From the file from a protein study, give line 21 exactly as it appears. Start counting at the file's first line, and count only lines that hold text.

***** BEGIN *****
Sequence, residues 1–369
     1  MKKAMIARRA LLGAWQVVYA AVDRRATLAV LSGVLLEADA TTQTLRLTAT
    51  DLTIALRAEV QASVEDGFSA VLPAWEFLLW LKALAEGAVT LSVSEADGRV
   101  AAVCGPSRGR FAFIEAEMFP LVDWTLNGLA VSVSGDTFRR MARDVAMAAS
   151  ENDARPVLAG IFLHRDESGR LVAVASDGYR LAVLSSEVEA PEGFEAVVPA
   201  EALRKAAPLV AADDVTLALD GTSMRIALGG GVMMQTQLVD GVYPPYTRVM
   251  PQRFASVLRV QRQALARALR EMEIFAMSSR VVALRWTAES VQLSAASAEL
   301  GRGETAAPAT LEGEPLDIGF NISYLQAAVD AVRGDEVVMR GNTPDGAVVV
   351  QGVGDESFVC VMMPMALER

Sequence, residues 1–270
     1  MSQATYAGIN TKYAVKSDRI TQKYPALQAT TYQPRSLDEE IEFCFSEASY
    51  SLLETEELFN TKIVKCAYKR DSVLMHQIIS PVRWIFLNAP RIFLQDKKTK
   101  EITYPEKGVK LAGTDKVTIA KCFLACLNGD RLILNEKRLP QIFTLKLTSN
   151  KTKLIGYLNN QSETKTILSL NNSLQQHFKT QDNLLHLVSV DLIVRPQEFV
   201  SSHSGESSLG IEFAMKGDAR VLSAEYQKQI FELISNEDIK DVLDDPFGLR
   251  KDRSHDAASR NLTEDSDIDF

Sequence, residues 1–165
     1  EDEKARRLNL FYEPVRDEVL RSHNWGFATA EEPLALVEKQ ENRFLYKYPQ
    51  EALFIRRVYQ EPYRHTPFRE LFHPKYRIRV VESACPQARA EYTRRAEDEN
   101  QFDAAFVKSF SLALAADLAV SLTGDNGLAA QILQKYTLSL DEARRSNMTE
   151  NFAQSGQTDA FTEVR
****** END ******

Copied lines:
   151  NFAQSGQTDA FTEVR